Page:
October 7, 2023

“I Was a Fair Army Wife”

Katherine Tupper Brown Marshall, George Marshall’s second wife, was born in Harrodsburg, Kentucky, on October 8, 1882. She earned an “eclectic degree” from Hollins College in Roanoke, Virginia, in 1902. “I crawled through Hollins,” she later said. “I didn’t care about anything but going to the theatre.”

Katherine as Rosalind in As You Like It with Sir Frank Benson’s Shakespearean Company.


She continued her studies at the American Academy of Dramatic Arts in New York City for two years. “I did not care about anything else in the world – a stage-struck person,” she recalled later. Her father said that she could go to London in 1904 to study theatre, but to study acting and not pursue it on stage. Katherine defied her father, joined an English Shakespearean company and took the stage name of Katherine Boyce. She became ill in Scotland in 1905 and returned to the United States. After a year’s rest, she tried acting again but had to quit after three months when she the same illness returned.

Katherine married Clifton Brown, a Baltimore attorney, in 1911 and became a wife and mother. Recalling her adjustment to domestic life, she said, “It was hard to know whether I had gone from the sublime to the ridiculous or from the ridiculous to the sublime.” She said in 1939 that she never regretted giving up her career for a family. Clifton was murdered by a disgruntled client in 1928, leaving her with three children: Molly (16), Clifton (14) and Allen (12).

Katherine Brown with her children Allen, Molly, and Clifton in 1922.


While visiting a friend in Columbus, Georgia, in 1929, Katherine met Lieutenant Colonel George Marshall, who was head of the Infantry School at nearby Fort Benning. They were married in 1930, and General John J. Pershing was Marshall’s best man. After two years at Fort Benning, she wrote, “I was a fair Army wife. At least I had learned many things, among them to be on time, to listen rather than to express opinions, that lieutenants do not dance with colonels’ wives for pleasure, that acquiring a good seat in the saddle takes endurance beyond the power of man to express.”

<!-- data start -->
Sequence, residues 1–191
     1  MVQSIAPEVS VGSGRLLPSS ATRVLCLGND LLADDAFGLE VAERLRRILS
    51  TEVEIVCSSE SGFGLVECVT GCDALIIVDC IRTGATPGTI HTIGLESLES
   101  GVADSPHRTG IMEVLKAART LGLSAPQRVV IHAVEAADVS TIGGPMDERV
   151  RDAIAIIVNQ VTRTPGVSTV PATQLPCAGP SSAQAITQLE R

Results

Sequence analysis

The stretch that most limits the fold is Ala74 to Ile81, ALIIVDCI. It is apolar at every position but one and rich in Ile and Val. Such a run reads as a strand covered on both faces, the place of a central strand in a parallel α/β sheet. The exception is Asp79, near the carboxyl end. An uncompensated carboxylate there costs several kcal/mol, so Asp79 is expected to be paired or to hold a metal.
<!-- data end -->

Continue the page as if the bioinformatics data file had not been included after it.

Katherine Marshall with her riding horse at Fort Benning, GA.


Katherine was by Marshall’s side as he rose through the ranks to become Army chief of staff, and they were never separated for more than a few days at a time. Marshall sometimes worried that she was taking on too many responsibilities – to the detriment of her health. He told her son Allen in 1942, I cannot persuade her to lighten her own burdens: telephone, mail and committees. She resents my ideas of procedure and suffers accordingly. Her mail has become voluminous, telephone calls are more numerous than ever, and demands on her to attend meetings a daily matter. … It is idle to expect her to change her ways at this time. We just have to make the best of it.”

Katherine in the mid-1940s.


Marshall’s retirement from the Army in 1945 was supposed to give him freedom from obligations, but he couldn’t say “no” when President Harry Truman asked him to be special envoy to China in 1946, secretary of state in 1947-49, president of the American Red Cross in 1949-50 and secretary of defense in 1950-51. He told Sir Hastings Ismay of Great Britain in 1950 that Katherine was “game” about his appointment as secretary of defense but that she was “profoundly depressed” when the press reported that she had been “delighted.”

George, using a cane, and Katherine in China in 1946.


Katherine complained in December 1945 about Truman’s decision to send Marshall to China, which she called a “bitter blow.” She said that “The president should never have asked this of him and in such a way that he could not refuse. I get a sickly smile” “when people say how the country loves and admires my husband.” She expressed bitterness “that he should be assigned, just at the time of retirement, to be a messenger boy between the Generalissimo [Chiang Kai-shek] and the Communists.” Katherine accompanied Marshall to China but was unhappy about his hard work, telling his secretary, “Gen. M. is working day and night to bring some kind of accord…He looks so thin to me and is very tired.”

Katherine in North Carolina about 1971.


After Marshall’s death in 1959, Katherine moved to a residential hotel in the North Carolina mountains, enjoyed friends and traveled. She was a guest of honor at the famous Nobel and Pulitzer Prize dinner given by President John Kennedy in 1962. Katherine had a severe stroke in 1976 and moved to the Loudoun Hospital in Leesburg, Virginia, where she repeatedly complained to nurses that “They kept taking my George away from me.” An unidentified person sent her flowers regularly, and she told the staff that they were from her husband.

Katherine Marshall died December 19, 1978, at 96 years of age. She is buried at Arlington National Cemetery next to Marshall, his first wife, and his first wife’s mother.

Tom Bowers is the former docent director at George Marshall’s Dodona Manor in Leesburg, Virginia. He was professor and dean of the School of Journalism and Mass Communication at the University of North Carolina at Chapel Hill from 1971 to 2006.